Concordia University researchers have developed a new method of identifying and locating cancers in their early stages by using nanotechnology. Their work was published in the scientific journal Biosensors and Bioelectronics, and Dr. Muthukumaran Packirisamy, a key member of the team, could not be happier with the technology’s progress.
According to the research paper, the team has been able to accomplish great feats. The research focuses largely on capturing extracellular vesicles (EVs) via the technology they developed. Packirisamy defined what these are and why they’re significant.
“EVs serve as the liquid, the glue that binds cells to each other — they are the most important method cells communicate, and that’s what makes EVs so crucial in our process.” The researchers created a “magnetic particle based liquid biopsy chip for easy capture of EVs […] and simple isolation using a magnet,” as stated in their paper.
The process, which Packirisamy has been involved with for years, is one that begins with these EVs. As the paper states, “These vesicles contain a myriad of substances like RNA, DNA, proteins, and lipids from their origin cells, offering a good source of biomarkers.”
A biomarker is any trait in a given cell or organelle whereby different phenomena can be identified.
The paper continues: “The existing methods for the isolation of EVs are time-consuming, lack yield and purity, and expensive. In this work, we present a magnetic particle based liquid biopsy chip for the isolation of EVs by using a synthetic [compound].”
Packirisamy tried his best to break it down.
“The best and simplest way I can explain it to you is like this: imagine you want to examine grains of sand. We’ve taken a soccer ball, covered it in oil, and rolled it in sand so it can stick.”
The sand in this scenario refers to traces of cancer in cells; the soccer ball refers to the researchers’ nanotechnology and the oil represents the biomarkers.
“One of the reasons we’ve been doing this research is because the traditional ways of detecting cancers can be quite invasive,” said Packirisamy. As stated in a paper published by the National Center for Biotechnology Information, “An invasive procedure is one where purposeful/deliberate access to the body is gained via an incision, percutaneous puncture, where instrumentation is used.”
“Not only is the invasiveness of the entire procedure a significant trauma to the patient, it is also a trauma for the doctor. What we’ve been asking ourselves in this process is how can we study the progress and monitor the process without being invasive? This is where our project comes from,” Packirisamy added.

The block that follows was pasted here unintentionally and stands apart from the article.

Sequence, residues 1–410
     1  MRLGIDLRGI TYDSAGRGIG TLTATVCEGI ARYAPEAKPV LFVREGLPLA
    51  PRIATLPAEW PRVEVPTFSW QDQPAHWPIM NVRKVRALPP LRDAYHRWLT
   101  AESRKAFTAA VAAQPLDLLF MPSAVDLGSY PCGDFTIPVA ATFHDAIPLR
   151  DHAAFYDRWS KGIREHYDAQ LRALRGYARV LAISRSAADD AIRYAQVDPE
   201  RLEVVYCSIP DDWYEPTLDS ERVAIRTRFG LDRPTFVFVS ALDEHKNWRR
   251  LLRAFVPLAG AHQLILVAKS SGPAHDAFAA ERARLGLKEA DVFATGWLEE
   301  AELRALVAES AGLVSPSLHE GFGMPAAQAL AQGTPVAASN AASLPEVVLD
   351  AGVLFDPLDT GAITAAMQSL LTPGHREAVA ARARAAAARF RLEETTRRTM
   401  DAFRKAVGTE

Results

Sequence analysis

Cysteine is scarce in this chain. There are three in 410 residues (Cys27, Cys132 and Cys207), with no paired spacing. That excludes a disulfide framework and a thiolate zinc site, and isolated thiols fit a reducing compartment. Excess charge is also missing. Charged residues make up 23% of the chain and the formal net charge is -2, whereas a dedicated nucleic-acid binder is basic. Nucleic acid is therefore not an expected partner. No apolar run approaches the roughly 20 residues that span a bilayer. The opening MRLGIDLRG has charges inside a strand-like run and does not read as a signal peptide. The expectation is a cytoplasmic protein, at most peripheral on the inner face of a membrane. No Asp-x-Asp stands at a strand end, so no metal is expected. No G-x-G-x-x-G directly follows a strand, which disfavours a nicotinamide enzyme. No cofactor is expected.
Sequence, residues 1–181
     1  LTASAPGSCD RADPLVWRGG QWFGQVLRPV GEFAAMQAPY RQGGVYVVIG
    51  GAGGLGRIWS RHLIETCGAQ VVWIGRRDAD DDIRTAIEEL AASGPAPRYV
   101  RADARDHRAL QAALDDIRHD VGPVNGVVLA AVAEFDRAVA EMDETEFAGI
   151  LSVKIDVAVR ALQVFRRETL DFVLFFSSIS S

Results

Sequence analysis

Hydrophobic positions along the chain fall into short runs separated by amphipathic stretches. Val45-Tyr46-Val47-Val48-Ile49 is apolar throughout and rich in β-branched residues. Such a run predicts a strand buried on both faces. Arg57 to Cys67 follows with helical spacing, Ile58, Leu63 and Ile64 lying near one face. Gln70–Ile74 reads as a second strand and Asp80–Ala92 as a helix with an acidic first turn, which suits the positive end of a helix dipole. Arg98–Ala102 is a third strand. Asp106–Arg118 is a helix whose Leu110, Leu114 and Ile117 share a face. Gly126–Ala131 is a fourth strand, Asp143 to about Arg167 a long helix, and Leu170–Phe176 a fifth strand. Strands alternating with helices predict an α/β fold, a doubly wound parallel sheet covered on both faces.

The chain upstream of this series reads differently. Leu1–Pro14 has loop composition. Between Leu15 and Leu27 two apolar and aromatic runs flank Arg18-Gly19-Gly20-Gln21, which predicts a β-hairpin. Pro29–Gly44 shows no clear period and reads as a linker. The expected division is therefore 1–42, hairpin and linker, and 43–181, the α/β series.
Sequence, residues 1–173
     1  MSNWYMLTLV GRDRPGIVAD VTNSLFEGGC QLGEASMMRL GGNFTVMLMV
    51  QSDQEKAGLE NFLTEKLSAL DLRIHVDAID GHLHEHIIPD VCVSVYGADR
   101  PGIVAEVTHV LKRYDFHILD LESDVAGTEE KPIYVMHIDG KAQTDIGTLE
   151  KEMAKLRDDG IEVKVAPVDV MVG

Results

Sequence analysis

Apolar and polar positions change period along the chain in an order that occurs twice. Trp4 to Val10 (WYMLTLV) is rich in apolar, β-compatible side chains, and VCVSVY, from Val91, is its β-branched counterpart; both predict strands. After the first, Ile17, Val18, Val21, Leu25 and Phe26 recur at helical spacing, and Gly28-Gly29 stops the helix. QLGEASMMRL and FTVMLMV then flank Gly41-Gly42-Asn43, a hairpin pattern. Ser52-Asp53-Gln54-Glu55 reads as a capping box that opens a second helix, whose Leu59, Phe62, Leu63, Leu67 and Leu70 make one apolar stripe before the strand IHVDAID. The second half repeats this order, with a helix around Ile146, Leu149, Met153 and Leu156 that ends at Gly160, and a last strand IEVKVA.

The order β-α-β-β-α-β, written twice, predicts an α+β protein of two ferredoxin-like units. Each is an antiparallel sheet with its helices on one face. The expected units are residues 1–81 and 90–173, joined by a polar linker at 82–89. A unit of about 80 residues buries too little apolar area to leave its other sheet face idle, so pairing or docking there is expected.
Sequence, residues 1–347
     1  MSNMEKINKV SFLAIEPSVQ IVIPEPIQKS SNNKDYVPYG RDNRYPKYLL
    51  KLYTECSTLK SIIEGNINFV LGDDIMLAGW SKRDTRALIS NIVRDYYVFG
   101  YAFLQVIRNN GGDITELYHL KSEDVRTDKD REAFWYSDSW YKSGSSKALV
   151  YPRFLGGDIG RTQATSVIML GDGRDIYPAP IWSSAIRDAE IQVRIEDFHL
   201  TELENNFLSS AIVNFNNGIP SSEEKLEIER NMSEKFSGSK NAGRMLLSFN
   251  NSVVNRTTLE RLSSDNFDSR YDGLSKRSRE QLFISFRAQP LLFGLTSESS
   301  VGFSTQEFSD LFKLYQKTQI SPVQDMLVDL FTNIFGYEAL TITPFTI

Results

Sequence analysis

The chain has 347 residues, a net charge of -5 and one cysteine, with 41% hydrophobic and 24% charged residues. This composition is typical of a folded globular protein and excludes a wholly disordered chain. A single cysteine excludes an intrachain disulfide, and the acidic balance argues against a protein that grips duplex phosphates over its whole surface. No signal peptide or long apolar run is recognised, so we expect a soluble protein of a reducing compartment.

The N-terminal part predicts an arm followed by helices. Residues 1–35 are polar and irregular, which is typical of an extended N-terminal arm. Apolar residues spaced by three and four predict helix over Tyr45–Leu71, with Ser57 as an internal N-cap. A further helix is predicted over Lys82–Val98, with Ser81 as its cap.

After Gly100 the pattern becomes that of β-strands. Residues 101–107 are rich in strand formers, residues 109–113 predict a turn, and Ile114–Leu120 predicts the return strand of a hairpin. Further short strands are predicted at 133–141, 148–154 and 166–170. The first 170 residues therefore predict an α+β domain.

The significance of this research is that this biopsy chip would make the process of cancer detection much quicker and less intense than the traditional invasive method.
According to the Canadian Cancer Society, approximately two in five Canadians are expected to develop cancer in their lifetimes, and about one in four Canadians is expected to die from cancer. With a toll of 28.2 per cent of all deaths, cancer is the leading cause of death nationwide.
“Through our chip, we can test on a variety of bodily fluids to see if we detect anything. If we find something, we can trace where a potential tumour could be coming from based on the fluid’s trajectory.”
When a drop of any kind of bodily fluid is run through the chip, the EVs get attached to these nanoparticles of fluid, like grains of sand onto a soccer ball, allowing them to be separated and analyzed by the researchers.
After combing through the meticulous details involved in this entire process, Dr. Packirisamy took a deep breath and reflected on his work and way of thinking.
“You know, I started research 36 years ago in the ‘80s — my formal background is in mechanical engineering. I was designing really big machines: engines, aerospace equipment, you name it. Over time, I got interested in the opposite of what I was working on. I started getting curious about nano-machines. I then began the process of miniaturizing my research. What interested me in the power of nanotechnology was the extreme proximity in the field’s relationship to minute things. That’s what really intrigued me. I see the potential to get smaller and smaller because, essentially, that’s what constitutes the bigger level. That was the philosophy I was into. As you get deeper and deeper, all the boundaries within scientific disciplines get fuzzy, and that’s what fascinates me. The interdisciplinarity of what we do is beautiful. Across various minds, understanding the connection, that is truly wonderful. And that’s what the future needs. I want others in science to break out of their comfort zones. We’re all interested in reducing human pain, and the best work comes from collaboration. Together, we can break through boundaries.”
Source – Concordia University